Think of an up to date, retro styled, skinny steel frame and you aren’t going to be far out. You only have to look at a picture of the bike to see that it looks just “right”. You can compare them to any carbon or hydroformed aluminium bike you like but, nothing beats the classic look of a steel frame.
The tubes are ‘612 Select’, All City’s proprietary blend of 4130 double-butted CroMoly tubing. The geometry is taken from their cyclocross bike, the Macho Man, but tweaked subtly to accommodate 650b wheels. The seatpost is 30.9 so you can use a dropper post if you like.
Unlike many 650b frames that tend to max out around 2.1” tyres, the Gorilla Monsoon can comfortably accommodate 2.4” – That’s Enduro MTB territory!
Should you need to bolt on some mudguards, clearance will be reduced. The max wheel/tyre combo will drop to 27.5 x 48c.
The biplane fork follows the general retro theme. It is a tad heavy but generally the feel is neutral. The head tube is skinny straight steerer only. If you don’t like the fork, you’ll struggle to find a carbon fork to fit it if you want to upgrade.
Ison import the Gorilla Monsoon as frameset only kits and built up this press bike to UK spec. As you would expect, they made good use of their in-house brands – Genetic and Halo Wheels.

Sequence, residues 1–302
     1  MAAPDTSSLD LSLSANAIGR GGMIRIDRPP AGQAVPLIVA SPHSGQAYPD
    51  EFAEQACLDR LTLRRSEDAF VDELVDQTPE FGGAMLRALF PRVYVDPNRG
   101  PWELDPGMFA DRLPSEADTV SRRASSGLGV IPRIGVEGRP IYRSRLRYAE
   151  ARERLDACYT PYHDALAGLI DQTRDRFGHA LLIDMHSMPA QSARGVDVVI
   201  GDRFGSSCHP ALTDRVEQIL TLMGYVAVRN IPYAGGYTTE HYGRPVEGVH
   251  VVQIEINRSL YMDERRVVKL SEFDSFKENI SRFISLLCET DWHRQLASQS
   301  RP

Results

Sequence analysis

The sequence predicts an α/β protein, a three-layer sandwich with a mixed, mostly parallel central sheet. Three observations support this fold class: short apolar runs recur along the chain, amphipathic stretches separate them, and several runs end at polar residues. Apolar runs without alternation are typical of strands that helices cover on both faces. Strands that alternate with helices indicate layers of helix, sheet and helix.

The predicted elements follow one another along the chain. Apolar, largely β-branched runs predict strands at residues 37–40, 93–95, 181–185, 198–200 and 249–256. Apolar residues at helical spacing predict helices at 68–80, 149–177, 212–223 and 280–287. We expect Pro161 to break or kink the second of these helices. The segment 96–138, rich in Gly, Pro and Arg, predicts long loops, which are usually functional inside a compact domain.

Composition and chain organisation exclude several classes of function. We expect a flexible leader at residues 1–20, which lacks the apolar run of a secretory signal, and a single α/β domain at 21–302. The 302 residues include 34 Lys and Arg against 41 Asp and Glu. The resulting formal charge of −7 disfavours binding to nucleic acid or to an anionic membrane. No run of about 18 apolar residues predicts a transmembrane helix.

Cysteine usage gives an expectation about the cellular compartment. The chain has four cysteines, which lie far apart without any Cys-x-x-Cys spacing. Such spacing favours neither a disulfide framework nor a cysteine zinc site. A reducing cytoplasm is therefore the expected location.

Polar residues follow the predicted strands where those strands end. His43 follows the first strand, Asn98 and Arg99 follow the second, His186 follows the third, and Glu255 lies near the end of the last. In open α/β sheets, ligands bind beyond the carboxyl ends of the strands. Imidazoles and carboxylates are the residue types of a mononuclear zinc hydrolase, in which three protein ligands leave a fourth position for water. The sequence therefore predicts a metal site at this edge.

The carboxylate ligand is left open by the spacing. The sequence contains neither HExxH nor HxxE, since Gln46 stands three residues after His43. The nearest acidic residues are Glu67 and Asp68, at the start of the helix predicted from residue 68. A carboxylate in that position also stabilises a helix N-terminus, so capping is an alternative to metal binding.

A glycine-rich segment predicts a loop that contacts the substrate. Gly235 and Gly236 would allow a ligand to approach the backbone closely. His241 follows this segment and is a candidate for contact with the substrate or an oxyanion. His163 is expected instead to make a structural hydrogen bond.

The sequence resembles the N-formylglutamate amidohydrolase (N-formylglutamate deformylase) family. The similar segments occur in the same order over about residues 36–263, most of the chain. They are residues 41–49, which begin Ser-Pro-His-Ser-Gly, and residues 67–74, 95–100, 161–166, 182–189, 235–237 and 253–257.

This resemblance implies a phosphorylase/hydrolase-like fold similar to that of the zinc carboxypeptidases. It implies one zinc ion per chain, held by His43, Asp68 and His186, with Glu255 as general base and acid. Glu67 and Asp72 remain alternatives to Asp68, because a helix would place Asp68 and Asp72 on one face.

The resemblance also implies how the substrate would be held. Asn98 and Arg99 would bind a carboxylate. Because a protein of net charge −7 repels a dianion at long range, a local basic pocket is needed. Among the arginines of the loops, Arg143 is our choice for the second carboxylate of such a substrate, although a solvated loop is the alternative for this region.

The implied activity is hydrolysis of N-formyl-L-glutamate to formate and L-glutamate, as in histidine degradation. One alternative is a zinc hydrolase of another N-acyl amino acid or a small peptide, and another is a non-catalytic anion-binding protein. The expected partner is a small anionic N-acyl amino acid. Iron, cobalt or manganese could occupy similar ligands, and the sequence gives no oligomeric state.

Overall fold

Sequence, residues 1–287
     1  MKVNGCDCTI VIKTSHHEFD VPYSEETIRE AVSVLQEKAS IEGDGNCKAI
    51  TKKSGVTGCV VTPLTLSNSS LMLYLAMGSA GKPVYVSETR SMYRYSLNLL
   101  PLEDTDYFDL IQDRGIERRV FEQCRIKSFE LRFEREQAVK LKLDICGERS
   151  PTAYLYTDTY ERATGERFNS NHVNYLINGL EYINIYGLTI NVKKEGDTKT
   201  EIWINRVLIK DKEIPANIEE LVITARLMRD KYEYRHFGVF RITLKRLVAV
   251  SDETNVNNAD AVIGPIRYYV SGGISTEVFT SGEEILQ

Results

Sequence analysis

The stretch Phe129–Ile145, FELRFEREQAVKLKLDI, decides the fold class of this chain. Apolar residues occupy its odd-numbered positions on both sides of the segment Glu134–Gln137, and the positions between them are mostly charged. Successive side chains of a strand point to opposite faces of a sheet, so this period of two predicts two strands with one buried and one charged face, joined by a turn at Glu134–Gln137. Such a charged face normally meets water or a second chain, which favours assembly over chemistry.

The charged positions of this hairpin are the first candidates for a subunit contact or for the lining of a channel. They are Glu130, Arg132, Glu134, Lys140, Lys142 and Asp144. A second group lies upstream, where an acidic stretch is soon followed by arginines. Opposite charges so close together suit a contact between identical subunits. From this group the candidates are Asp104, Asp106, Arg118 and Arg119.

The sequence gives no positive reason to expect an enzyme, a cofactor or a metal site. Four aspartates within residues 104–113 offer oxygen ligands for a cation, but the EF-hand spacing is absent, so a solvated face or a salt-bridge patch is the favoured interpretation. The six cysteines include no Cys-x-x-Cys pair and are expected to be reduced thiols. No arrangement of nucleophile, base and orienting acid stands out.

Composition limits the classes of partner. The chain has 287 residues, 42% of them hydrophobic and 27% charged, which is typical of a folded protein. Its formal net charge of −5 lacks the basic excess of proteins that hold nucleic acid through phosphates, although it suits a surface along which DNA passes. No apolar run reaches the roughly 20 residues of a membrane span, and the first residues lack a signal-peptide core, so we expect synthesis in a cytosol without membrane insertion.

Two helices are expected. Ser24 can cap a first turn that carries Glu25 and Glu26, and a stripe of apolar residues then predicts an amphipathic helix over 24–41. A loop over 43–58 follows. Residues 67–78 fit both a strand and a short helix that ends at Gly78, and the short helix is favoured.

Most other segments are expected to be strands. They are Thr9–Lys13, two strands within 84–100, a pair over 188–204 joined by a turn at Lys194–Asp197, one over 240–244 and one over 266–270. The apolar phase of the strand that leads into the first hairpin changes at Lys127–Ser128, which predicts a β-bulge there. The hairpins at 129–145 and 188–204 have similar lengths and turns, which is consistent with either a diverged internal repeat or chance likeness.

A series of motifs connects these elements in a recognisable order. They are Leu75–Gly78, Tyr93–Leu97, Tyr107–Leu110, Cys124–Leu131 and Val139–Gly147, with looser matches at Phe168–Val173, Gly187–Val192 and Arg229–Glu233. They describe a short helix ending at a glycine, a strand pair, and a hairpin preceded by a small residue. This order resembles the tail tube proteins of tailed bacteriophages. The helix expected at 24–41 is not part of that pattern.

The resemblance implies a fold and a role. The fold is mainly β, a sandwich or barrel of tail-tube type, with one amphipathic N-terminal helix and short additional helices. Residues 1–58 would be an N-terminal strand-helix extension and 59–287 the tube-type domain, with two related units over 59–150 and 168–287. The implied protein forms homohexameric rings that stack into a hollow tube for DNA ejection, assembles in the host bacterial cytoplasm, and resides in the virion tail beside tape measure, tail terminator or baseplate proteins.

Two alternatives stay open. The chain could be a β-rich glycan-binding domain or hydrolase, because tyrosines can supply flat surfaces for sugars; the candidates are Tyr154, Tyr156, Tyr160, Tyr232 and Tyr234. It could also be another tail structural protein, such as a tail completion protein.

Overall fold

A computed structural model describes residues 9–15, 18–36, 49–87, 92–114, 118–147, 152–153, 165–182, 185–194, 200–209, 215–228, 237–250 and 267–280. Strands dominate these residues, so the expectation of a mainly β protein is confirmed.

The 44cm Drove bars are superb and offer just enough flare to give you extra off-road hustling control. You won’t end up with quirky angles for the shifters either.
To keep enough room for 2.4″ tyres, while keeping the wheelbase short, All City use a 73mm bottom bracket shell rather than the road standard 68mm. This means you have to use MTB cranks.
The test bike came with a SRAM NX crankset. The 36T MRP chainring was mated to a 11-42t cassette giving you enough gears to climb a wall! This concession to climbing meant that I ran out of gears on the flat. All-City recommend that the max 1x chainring is 38t. So, if you dream of going flat out and you don’t have many hills to climb, you might need to work on your high speed, pedalling technique. Other options are switch to 2x for 28/42 or 3x with 26/36/48 max ring sizes.